Next time you are waiting
for a flight at your local airport, picture yourself standing next to
a striking exhibit describing an important part of your community's
history, the subject of local folklore. Or taking the controls in what
was once the cockpit of an airliner, now long retired. Or learning about
a local manufacturing firm's use of the airport while you are enroute
to a business meeting. Or watching your children enjoy an aviation oriented
playscape in the airline terminal that answers many of their incessant
questions about the airport and its equipment.
are endless benefits from aviation museums and aeronautical displays.
They preserve evidence of what was once considered important. They educate.
They provide people with a sense of the past and the airport's role
in it. They predict the future and explain the need to sustain the airport
so it can continue its mission of service. Displays and museums gain
attention for aviation as almost no other form of communication can,
outside of a perfect flight on a perfect day.
Airport museums can serve
as the linchpin for bringing together diverse organizations -- historic
groups and civic organizations, philanthropic corporate neighbors, local
or regional government -- all to preserve a place in time, and to preserve
a place called an airport. Events held at them or additions to their
collections serve as publicity makers, generating positive stories about
the facility and the airport where it's located. And aviation museums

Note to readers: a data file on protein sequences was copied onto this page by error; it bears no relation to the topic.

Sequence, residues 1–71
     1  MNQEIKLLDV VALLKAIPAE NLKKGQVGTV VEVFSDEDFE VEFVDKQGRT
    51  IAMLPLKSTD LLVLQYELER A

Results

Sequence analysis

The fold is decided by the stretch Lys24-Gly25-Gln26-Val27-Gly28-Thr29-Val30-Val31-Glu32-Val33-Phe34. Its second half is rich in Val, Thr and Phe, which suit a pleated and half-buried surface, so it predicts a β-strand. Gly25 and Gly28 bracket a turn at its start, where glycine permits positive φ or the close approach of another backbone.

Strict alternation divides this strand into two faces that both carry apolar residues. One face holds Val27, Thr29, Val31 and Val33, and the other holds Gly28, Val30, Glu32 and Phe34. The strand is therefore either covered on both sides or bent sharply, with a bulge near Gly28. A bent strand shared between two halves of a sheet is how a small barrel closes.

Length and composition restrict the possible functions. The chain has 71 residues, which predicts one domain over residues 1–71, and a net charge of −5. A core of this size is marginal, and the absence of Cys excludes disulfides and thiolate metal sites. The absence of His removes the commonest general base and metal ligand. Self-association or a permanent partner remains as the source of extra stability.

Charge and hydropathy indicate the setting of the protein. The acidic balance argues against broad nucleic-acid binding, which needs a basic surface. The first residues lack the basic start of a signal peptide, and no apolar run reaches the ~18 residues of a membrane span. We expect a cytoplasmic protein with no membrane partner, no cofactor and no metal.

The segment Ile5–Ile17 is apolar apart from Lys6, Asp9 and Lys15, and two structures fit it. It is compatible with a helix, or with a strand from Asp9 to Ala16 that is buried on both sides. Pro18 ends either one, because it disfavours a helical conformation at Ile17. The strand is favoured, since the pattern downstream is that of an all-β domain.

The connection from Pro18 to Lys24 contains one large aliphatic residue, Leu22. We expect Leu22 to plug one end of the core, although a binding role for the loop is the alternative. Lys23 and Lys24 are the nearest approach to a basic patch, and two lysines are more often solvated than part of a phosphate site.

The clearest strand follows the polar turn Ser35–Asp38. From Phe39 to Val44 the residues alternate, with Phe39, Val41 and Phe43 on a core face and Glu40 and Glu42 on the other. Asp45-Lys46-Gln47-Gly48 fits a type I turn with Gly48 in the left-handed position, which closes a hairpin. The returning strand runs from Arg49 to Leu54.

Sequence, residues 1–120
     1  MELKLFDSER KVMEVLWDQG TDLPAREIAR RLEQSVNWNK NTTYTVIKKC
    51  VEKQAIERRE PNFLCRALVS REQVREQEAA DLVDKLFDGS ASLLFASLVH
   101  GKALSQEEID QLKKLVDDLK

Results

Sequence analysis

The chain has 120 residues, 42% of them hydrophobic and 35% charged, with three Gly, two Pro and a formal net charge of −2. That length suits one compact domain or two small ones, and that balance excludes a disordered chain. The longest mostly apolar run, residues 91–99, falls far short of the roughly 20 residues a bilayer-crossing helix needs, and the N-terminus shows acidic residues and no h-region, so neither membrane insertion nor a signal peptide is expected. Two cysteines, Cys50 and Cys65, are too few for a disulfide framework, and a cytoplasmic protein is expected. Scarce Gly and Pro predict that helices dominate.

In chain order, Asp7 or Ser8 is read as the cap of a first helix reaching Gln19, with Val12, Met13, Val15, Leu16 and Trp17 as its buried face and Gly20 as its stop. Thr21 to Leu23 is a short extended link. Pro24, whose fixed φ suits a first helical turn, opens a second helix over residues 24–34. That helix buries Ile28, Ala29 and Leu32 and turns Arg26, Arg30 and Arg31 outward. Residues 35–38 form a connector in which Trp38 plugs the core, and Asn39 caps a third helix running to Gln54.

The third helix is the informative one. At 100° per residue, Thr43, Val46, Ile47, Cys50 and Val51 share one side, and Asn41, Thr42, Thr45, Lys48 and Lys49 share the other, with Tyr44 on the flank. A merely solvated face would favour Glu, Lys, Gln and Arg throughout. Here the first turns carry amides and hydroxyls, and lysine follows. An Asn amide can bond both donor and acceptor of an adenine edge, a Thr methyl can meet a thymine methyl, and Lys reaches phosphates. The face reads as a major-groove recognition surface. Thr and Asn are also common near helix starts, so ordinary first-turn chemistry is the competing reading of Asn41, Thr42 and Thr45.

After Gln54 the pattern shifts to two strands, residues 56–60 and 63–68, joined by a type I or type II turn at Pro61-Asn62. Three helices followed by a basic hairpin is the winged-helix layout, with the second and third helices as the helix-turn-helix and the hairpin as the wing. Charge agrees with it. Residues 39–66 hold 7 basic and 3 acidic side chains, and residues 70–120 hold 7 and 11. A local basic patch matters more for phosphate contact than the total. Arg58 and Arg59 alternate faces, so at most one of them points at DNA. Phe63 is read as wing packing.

can serve as regional resource centers for aviation and space education
curricula and programs, enhancing the missions of the surrounding school
found airport museums of all sizes throughout the country. And we learned
of airport displays ranging from those on a wall or tabletop at local
airstrips to those as elaborate as Syracuse's Hancock International
Airport's comprehensive installation, which includes a wall of pictures
and sound, pieces of airport equipment, and an actual 727 cockpit. Such
exhibits gain the attention of young and old alike.
Visit the Museums/Displays
section of the state pages to learn
where airport museums are making a difference. Better yet, visit a museum
yourself to gather some inspiration about why people who want to preserve
aviation do what they do and to get a few ideas for your own educational
Cockpit of this Boeing 727 never leaves Syracuse's Hancock International
Airport. Learn about the components of New Jersey's shrine to its
aviation heritage. It's all found in our Resources